What Matters to God

Dore's Sketch of the Rich Man and Lazarus
In today’s Gospel, Jesus advises us to “Take care to guard against all greed.” He calls one who only accumulates things for him/herself a fool, forgetting one’s absolute dependency upon God, and forgetting one’s mortality.

Yes, we need things in order to live, but all we can take with us in death are our good deeds. As the saying goes, you never see a U-Haul trailer following a hearse to the cemetery.

The reality of death challenges us to answer the most important questions in life: how shall we live and what shall we do? And so, Jesus urges us to make sure we have our priorities straight. Seek first the things of God.

The so-called last things—hell, purgatory, and heaven—are challenging beliefs in Christianity. How can we say at the same time there’s an all-good God, and there’s a hell? Think about it.  Yes, scripture describes the last things.

But Dante’s The Divine Comedy also imaginatively reveals how he awoke in a dark wood (perhaps a midlife crisis) where Virgil led him through earth to hell (remember Dante’s famous line, “Abandon hope, all ye who enter here”). They saw sinners going to the abode of Satan. Then Dante ascended to purgatory, and finally, with his beloved Beatrice, he climbed the spheres of paradise and into the dazzling vision of the Triune God.

The Divine Comedy is a masterpiece in poetry, not easily readable but profoundly instructive about life. Heaven and hell answer the question of justice. Many good people die without receiving in this life a reward for their goodness, and many wicked people die without paying for their wickedness. If there’s justice, there has to be someplace where wrongs are righted, and someplace where good is rewarded.

So what are hell, purgatory, and heaven? The language is best understood symbolically. God does not “send” us to hell; we freely choose to go (unwisely). Also, while accepting the possibility of hell (in light of the dynamic between God's unconditional love for us and our human freedom to reject that love), we don’t have to believe that human beings are actually “in” such a “place.” In fact, we hope all human beings will find salvation.

If we peel away its fiery imagery, hell can be described as the absence of God, the failure to realize our true selves, whereas heaven is the ultimate fulfillment of our true selves. In heaven, we participate in the mystery of God.

Purgatory then is a “purification” in which we become our true selves.  And judgment is our own recognition of what is right and wrong in ourselves.

Finally, we believe that in the mystery of death, God will transform our earthly selves, like Jesus, into a new, indescribable heavenly reality. St. Paul put it well: “No eye has seen, no mind has ever imagined … what God has prepared for those who love Him.”

Yes, Jesus wants us to be indescribably rich: “rich in what matters to God.” (Luke 12:21)

Sunday, July 28, 2019

Seeking Forgiveness

Nelson Mandela sought forgiveness with one another
In today’s news, we sometimes hear of corruption: for example, funds sent for disaster relief, yet rebuilding seems mysteriously slow.

The word of God today takes us back to Abraham, who is talking/praying with God about the fate of Sodom and Gomorrah: cities symbolizing corruption. Abraham engages in a spirited conversation with God about justice: why should the innocent suffer? Abraham’s openness indicates his close relationship with God.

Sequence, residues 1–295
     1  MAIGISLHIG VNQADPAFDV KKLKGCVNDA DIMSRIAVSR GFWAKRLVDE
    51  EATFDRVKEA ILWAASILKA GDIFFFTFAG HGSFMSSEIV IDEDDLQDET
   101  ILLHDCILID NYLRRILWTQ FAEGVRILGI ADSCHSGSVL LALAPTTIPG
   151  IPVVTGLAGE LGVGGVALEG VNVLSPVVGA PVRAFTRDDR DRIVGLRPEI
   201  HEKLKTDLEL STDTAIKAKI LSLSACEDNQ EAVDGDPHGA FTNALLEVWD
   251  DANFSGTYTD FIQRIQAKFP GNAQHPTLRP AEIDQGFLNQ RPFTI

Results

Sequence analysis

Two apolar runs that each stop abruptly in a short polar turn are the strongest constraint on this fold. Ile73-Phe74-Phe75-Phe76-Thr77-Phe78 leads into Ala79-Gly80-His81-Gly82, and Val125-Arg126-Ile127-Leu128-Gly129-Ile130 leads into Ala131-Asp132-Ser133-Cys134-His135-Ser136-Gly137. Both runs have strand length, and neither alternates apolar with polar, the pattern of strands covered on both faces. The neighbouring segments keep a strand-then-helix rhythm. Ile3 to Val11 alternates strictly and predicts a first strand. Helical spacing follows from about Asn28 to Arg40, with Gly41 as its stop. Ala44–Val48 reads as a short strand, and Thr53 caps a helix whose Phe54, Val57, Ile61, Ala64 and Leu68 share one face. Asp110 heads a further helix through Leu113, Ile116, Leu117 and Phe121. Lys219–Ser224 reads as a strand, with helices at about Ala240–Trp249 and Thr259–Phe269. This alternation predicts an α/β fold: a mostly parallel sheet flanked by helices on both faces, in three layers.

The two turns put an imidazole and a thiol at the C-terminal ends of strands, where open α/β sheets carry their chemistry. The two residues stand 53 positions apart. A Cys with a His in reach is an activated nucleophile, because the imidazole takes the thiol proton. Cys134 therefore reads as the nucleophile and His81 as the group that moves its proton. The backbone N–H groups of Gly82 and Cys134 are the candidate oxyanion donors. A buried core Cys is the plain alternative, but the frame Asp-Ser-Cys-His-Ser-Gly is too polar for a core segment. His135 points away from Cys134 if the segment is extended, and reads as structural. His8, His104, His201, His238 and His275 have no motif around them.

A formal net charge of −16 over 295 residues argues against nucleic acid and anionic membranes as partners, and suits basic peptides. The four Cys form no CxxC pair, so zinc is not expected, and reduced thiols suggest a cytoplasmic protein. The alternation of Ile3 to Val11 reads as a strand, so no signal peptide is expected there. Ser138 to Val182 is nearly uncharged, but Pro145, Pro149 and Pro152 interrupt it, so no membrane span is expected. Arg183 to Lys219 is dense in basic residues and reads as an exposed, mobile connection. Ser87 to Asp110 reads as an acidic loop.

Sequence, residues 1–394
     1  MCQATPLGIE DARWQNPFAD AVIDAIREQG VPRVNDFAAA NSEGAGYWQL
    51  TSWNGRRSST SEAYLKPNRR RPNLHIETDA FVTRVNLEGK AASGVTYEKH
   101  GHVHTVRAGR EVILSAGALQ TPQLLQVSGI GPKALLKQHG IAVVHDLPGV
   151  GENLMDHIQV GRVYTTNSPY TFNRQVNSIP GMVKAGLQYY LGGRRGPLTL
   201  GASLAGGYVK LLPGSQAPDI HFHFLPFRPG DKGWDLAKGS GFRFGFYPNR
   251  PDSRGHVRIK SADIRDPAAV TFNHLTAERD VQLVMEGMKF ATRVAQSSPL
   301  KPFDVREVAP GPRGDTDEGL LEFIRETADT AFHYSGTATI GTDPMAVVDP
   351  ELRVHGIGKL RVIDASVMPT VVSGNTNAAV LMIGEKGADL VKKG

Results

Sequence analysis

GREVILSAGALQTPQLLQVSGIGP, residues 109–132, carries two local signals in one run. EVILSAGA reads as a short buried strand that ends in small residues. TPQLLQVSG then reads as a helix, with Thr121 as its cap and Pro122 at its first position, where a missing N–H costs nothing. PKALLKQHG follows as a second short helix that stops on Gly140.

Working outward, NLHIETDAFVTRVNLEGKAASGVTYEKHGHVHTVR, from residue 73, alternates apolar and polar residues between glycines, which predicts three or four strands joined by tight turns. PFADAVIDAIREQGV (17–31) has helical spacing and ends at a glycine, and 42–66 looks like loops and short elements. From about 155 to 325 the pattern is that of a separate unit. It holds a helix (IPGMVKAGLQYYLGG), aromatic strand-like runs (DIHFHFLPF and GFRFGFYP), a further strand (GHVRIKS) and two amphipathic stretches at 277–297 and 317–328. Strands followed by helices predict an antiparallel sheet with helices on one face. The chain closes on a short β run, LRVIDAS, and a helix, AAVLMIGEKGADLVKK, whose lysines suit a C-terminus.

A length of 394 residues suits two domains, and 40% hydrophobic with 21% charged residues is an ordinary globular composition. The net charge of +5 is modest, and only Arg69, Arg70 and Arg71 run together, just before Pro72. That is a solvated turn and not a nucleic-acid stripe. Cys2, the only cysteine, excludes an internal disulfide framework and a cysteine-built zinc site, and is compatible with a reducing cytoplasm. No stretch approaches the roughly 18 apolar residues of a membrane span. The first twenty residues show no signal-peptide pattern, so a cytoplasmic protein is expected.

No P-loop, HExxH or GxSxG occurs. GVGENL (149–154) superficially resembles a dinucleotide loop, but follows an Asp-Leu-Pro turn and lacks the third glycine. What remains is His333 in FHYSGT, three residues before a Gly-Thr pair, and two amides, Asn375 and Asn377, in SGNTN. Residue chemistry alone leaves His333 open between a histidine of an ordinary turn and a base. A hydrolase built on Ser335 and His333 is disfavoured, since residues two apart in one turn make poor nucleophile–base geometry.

We know the end of those two corrupt cities. Some scholars say they were destroyed in a catastrophe, probably an earthquake. Anyway, the story challenges us to ask ourselves about our relationship with God. How do we pray? As a close friend? A distant relative? A stranger?

Paul, in his letter to the Christian community at Colossae, speaks of the new identity we have through baptism. We have become sons and daughters of God our Father, heirs to the kingdom of God, graced by God. Paul may be asking whether we live a life worthy of our calling.

In the Gospel of Luke, the disciples ask how Jesus talks to his heavenly Father. Jesus speaks to God like a trusting son or daughter with a parent, like a close friend. Jesus urges us to be persistent in prayer, to go on asking, seeking, knocking, even though our heavenly Father knows what we need. God likes to hear our voice.

There’s a pattern to prayer that Jesus taught us. Here’s a paraphrase:
Our Father, because we are family, heirs to God’s kingdom; Your name be honored and reverenced; May your kingdom of justice and peace and freedom permeate everyone; May your will be done on earth as it is in heaven. Satisfy our basic needs. Forgive us for the things we do wrong as we forgive those who wrong us. And protect us from evils that jeopardize our relationship with you.
This is the pattern Jesus gave us.

When I think of modern examples of forgiveness, I recall Nelson Mandela. For nineteen years as a political prisoner in South Africa, he was forced to do hard labor, ate little and slept in a six by five cell. That he overcame hardship, that he saw the glory of God in his fellow prisoners and in his jailers was remarkable. When Mandela was released, he asked all South Africans to seek not vengeance but to seek reconciliation and forgiveness with one another.

We are all sinners, Pope Francis reminds us. The third chapter from the book of Genesis, the so-called fall from grace, is a sketch about how we sin: through ingratitude, self-absorption/narcissism, the arrogance that believes that we can get along without God.

It’s interesting that the people who really upset Jesus were not sinners but hypocrites, those who refused to see anything wrong with their own prejudices, those who had no sense of a need for repentance, those who were smug.

But Jesus offered forgiveness aplenty to those who admitted they needed it. May that forgiving hand change us. And may our active forgiveness change our fellow human beings.